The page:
And adults are not immune from dragons. Some dragons rage without, while others gobble us up from the insides. Stories, fairy tales, empower us—if only into realizing that we have a choice to act or not act. To offer mercy or to withhold forgiveness. To help another or lead them to an iron cage. Fairy tales remind us that not only can we choose our response, but there are consequences for our actions. Things are a little less black and white in real life, but the same concepts apply. How we choose to act creates ripples that affect those around us. Nothing we do is without consequence.

An excellent article that discusses the relevance of fairy tales today was published in the NY Times. Practicing Medicine Can Be Grimm Work is an excellent read. Fairy tales explore the darkest and brightest aspects of human nature—something we all share.

Fairy tales also remind us what it was like when we saw the world for the first time.

One of my favorite quotes comes from Chesterton again, "Fairy tales say that apples were golden only to refresh the forgotten moment when we found that they were green. They make rivers run with wine only to make us remember, for one wild moment, that they run with water."

Do you remember how fascinating everything was when you were little? How a sunrise could hold you breathless, and discovering new animals and plants delighted you?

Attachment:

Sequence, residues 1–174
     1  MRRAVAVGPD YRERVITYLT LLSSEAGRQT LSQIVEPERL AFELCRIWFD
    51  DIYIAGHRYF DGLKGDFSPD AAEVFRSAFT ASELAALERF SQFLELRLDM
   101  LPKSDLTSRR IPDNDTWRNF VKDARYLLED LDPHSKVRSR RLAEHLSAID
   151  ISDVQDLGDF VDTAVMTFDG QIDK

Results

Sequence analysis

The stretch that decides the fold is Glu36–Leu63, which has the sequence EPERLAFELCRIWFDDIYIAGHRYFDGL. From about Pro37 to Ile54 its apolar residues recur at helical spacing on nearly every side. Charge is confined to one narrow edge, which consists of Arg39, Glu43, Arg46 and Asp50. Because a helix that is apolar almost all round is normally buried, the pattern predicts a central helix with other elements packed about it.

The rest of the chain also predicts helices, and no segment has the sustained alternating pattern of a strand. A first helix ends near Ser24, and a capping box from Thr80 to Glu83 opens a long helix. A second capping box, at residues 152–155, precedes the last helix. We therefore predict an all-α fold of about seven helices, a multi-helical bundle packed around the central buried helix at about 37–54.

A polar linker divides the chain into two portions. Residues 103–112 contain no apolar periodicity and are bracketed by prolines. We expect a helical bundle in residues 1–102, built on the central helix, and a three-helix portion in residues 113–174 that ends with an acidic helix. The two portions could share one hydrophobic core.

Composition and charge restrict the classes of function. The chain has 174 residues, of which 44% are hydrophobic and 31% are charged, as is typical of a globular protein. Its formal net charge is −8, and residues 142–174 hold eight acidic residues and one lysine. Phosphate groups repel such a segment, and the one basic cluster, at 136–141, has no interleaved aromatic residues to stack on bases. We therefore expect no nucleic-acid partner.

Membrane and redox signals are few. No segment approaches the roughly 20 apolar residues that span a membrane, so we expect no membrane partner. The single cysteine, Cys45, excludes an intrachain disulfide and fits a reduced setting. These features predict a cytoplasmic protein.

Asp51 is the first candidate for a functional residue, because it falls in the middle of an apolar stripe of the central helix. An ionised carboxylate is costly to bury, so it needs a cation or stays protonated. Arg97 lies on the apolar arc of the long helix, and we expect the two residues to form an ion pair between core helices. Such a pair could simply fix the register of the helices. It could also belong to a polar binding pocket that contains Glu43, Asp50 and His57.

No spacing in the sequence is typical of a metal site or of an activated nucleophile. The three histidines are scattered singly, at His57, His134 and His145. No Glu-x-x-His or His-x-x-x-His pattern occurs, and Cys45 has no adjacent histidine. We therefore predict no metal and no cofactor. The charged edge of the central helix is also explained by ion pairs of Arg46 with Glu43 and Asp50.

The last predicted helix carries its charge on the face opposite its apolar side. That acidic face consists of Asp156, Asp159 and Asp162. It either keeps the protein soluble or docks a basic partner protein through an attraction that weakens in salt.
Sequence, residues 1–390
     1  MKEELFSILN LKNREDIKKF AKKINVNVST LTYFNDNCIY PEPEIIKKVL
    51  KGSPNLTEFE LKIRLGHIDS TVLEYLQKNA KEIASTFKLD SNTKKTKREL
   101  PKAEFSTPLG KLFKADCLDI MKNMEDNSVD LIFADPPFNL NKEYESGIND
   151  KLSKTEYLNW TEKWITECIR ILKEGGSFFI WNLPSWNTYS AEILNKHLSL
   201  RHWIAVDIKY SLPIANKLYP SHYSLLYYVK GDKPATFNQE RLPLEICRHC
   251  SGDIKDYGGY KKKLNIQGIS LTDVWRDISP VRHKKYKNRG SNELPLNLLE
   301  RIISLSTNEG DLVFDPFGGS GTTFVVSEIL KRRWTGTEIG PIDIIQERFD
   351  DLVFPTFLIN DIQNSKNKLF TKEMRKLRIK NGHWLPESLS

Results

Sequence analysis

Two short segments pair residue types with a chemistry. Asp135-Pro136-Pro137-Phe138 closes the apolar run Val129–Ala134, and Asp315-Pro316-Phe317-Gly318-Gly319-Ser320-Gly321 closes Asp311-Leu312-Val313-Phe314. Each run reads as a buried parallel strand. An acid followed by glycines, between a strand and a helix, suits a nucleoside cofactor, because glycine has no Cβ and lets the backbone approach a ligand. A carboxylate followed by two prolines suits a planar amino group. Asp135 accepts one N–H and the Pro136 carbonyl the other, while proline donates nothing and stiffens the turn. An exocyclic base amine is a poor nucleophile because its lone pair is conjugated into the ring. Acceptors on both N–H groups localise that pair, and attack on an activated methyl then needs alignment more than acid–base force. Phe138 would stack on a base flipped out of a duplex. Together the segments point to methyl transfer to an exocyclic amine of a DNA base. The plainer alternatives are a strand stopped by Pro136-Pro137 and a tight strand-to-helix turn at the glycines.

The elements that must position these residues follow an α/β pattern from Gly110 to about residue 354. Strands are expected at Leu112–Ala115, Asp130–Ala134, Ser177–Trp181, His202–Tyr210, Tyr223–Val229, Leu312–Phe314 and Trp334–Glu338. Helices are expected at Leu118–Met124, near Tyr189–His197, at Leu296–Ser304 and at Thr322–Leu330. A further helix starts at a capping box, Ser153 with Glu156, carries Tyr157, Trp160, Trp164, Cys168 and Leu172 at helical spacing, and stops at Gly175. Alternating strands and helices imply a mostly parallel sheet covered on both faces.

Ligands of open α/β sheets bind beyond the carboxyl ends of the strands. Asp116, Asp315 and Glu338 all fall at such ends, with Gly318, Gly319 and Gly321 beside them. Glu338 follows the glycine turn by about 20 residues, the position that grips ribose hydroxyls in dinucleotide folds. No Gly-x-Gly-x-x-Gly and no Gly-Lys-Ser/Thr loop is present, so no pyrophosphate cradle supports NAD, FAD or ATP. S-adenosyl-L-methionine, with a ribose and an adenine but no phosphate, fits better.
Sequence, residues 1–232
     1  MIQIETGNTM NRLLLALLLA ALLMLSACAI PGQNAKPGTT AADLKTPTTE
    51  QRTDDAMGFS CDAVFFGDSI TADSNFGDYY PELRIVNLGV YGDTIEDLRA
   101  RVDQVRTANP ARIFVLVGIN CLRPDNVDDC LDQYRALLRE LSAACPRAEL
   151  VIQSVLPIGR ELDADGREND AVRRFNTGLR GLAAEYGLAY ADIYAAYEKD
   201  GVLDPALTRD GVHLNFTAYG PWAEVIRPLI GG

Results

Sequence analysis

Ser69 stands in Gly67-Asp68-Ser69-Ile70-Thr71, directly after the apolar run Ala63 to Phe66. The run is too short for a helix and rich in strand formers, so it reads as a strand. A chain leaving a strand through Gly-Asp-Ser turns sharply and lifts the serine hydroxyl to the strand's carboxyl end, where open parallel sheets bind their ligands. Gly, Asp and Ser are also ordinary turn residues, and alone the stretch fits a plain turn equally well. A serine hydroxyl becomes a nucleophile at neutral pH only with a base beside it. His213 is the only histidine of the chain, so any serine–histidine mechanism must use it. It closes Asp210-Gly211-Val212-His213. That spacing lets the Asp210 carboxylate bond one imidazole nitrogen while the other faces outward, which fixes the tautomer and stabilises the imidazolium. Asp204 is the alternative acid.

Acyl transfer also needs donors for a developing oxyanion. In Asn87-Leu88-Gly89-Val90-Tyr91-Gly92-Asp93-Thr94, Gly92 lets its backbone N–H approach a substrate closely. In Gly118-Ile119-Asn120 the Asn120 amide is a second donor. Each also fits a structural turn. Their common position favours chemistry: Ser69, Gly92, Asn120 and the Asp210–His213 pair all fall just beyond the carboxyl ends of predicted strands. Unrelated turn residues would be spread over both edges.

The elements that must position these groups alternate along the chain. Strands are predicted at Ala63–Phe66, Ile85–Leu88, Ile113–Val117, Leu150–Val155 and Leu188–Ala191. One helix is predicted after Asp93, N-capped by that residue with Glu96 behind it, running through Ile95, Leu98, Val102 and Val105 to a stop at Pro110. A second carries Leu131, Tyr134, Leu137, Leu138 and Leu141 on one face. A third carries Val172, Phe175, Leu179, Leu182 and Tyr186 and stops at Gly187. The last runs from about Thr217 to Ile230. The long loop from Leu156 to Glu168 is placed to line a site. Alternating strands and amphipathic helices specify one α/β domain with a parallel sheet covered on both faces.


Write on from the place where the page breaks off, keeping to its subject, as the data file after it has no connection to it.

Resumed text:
Sometimes, in the path that leads to growing up, we forget that we are surrounded by daily miracles. Granted, they’re small as a child’s laugh or the first bloom of spring, but things don’t have to be flashing and big to be miraculous. In a world with a short attention span, where the weight of the world hangs heavy on your shoulders, and there’s never enough time to do it all, it’s good to be reminded that we are drowning in wonders. If only we have the eyes to see.

And fairy tales, as well as other stories, serve as excellent bifocals.

What about you? Do you speak in fairy tales?

(Leave a comment on this post for your chance to win a free e-book subscription to The Fairy Godmother Dilemma!)

Danyelle Leafty writes MG and YA fantasy. In her spare time, she collects dragons, talking frogs, and fairy godmothers. She can be found discussing the art of turning one's characters into various animals, painting with words, and the best ways to avoid getting eaten by dragons on her blog. Her serial novel THE FAIRY GODMOTHER DILEMMA can be found here. You can contact her here.

Don't miss the rest of the stops on the tour:


Amie Borst said...

i definitely speak in fairy tale!!

i'm so excited about your blog tour, danyelle!

all the best to you!

tiffany said...

aww tahnk you yes i do speack in fairy tale im a HUGE SUCKER for fairy tales they are the best

Stephsco said...